How We Teach Reading at St. Peter’s
At St. Peter’s we believe that learning to read is one of the most important things your child will achieve at our school. A positive first experience of reading can shape a child’s love of books and help to develop every aspect of their learning, so we put enormous effort into making every child a reader as quickly as possible. Throughout their time at St Peter’s, children are exposed to a wide range of engaging and diverse texts, through shared, guided and independent reading, giving them solid foundations for starting secondary school.
For a selection of books that are recommended for primary aged children, go to this site:http://schoolreadinglist.co.uk/
In Nursery, children learn to:
Listen to and recognise a range of stories and poems.
Show simple awareness of rhyme and alliteration.
Suggest how a story might end and describe story settings and characters.
Look at books independently, handle them with care and turn pages correctly.
Know that print carries meaning and words are read from left to right and top to bottom in English.
In Reception children learn to:
‘Read’ the sounds in words and practice writing these sounds.
Use phonics knowledge to decode regular words and read them aloud accurately.
Follow the Letters and Sounds programme.
Practise reading and spelling ‘tricky words’ (words that cannot be sounded out are learnt by sight.), such as: ‘once’, ‘have’, ‘said’ and ‘where’.
Show simple understanding when talking to others about what they have read.
Practise reading books that match the phonics phases they are learning by blending and reading ‘tricky’ words.
Read the 45 high frequency words (HFW).
Key Stage One and beyond:
Children continue to complete the Letters and Sounds programme up until the end of Year 2. Some older children will continue to consolidate further in small groups or one-to-one where necessary, as they progress through the school.Each pupil has an individual reading programme from Reception class onwards. This follows the Oxford Reading Tree and is supplemented by Phonics based or banded book sets. Once each child has completed the Oxford Reading Tree and banded book programme, and we feel that their understanding is as good as their decoding, children will become free readers. Book choices are encouraged and monitored, where appropriate, by class teachers and teaching assistants.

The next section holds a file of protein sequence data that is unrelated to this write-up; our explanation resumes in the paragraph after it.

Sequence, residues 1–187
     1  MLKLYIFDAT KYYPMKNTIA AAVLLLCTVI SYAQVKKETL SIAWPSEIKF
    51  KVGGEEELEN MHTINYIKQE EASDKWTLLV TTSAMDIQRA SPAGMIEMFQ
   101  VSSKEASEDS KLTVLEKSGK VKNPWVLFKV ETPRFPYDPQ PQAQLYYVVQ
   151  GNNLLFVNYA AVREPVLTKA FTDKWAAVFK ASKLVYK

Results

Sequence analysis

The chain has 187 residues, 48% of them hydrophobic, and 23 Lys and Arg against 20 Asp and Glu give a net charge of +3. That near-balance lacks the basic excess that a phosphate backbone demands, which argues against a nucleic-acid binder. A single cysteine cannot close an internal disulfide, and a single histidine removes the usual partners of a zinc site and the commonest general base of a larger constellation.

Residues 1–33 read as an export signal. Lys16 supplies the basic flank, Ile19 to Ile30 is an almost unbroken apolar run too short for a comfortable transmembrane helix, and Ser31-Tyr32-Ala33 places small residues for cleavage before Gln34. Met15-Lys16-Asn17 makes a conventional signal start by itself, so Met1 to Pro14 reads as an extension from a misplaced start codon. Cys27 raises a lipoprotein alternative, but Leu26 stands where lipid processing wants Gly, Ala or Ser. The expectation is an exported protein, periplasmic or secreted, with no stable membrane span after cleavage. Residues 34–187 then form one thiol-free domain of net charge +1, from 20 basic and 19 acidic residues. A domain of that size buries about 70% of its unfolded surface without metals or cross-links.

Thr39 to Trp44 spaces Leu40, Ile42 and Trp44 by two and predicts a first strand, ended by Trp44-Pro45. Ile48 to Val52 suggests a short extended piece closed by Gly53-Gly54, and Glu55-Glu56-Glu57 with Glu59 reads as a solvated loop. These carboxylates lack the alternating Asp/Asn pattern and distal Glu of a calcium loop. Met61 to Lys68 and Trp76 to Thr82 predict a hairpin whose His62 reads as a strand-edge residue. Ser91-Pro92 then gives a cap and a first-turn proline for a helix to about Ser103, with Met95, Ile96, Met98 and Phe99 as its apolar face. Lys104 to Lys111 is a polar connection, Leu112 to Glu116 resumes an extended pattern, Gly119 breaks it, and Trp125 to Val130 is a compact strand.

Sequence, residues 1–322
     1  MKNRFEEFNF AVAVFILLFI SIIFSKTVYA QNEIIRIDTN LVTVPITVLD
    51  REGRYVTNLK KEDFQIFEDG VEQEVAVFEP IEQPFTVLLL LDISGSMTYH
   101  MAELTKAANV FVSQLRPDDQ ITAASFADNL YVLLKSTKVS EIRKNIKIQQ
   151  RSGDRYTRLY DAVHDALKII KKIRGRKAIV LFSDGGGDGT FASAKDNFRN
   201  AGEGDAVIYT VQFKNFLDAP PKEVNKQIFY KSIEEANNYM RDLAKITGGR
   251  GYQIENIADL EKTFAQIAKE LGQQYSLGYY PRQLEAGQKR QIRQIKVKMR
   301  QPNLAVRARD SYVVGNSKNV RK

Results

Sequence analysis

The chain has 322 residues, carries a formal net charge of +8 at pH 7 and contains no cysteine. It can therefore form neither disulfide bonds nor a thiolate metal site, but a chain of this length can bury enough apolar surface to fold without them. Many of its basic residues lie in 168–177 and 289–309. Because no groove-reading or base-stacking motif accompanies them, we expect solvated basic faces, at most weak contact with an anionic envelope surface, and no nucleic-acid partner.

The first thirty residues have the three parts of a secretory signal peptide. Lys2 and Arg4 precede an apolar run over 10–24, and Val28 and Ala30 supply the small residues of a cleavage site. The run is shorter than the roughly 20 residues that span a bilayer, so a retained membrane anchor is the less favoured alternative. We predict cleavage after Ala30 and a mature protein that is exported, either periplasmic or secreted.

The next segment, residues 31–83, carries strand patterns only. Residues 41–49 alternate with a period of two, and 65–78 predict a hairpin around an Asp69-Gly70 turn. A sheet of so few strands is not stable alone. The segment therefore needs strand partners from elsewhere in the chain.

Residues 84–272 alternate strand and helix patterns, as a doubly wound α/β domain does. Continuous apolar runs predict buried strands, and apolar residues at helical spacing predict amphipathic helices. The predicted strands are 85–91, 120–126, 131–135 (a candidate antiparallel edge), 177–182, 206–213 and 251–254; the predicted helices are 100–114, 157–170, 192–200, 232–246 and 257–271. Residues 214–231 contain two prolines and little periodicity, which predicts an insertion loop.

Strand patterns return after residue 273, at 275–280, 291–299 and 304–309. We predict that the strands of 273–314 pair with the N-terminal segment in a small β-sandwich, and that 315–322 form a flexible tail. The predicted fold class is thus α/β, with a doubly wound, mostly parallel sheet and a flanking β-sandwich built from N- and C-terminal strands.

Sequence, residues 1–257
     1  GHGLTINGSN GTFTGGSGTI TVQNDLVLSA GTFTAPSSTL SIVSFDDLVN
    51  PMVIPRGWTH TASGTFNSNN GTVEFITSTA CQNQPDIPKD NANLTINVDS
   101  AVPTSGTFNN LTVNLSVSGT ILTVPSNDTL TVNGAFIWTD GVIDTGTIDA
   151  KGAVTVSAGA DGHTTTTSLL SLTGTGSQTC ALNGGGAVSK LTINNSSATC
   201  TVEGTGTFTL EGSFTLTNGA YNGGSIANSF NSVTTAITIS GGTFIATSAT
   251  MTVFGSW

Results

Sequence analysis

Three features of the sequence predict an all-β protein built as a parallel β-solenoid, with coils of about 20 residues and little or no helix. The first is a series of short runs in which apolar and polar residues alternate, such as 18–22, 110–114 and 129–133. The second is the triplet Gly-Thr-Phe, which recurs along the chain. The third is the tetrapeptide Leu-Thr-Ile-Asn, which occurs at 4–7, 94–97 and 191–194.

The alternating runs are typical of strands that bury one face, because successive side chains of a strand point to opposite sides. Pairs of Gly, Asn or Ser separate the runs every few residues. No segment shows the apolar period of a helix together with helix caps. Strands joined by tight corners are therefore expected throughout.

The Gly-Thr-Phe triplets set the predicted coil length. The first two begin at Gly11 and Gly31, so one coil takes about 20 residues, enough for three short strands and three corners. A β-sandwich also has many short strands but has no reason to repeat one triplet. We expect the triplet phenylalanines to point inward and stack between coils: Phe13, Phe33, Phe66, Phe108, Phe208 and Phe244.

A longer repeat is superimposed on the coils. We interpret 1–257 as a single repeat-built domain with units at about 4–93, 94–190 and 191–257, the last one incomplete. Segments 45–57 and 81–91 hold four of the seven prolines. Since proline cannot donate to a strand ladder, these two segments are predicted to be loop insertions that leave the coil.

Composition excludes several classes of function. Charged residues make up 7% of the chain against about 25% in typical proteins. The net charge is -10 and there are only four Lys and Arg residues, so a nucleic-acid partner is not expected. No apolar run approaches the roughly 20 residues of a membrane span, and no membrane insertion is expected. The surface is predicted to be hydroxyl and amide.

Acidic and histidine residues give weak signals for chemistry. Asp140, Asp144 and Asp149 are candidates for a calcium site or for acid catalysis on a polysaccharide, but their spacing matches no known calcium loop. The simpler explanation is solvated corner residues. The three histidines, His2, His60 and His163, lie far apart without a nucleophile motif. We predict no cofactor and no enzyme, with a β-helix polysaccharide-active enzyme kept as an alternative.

We deliver Guided Reading sessions across Key Stage One and Two, where children are grouped with others of a similar reading level to complete a variety of activities during the week. Activities include a teacher guided group and four other tasks or activities relating to the children’s assessment focuses.
Tracking and Progress
Class teachers assess children’s reading skills regularly so that we can ensure they are making good progress in both decoding words and understanding the text. Children who are exceeding their targets are encouraged to choose challenging and diverse reading material, with differentiated work to stretch them. Any children who are not making good progress will have additional support/intervention. Our school librarian also works with targeted book club groups to provide additional support/challenge.
Reading for Pleasure
We firmly believe that reading for pleasure is as important as learning good reading strategies; so we work hard to maintain and promote our inviting school library, where children can: borrow books, audio books (with personal CD players), seek advice from our librarian, join book clubs and creative writing clubs or train to become a student librarian.
As part of the home/school agreement our pupils are expected to read regularly at home with parental support. They are encouraged by a yearly reading award scheme for which they earn points for reading at home, collecting stamps and raffles tickets to win prizes. Once a week Nursery, Reception and Year 1 parents are invited to a reading morning – where they can enjoy a reading session in class with their child. The school also delivers workshops for parents on ‘Phonics at Home’ and ‘Developing Your Child’s Reading’ in Key Stage One and Two.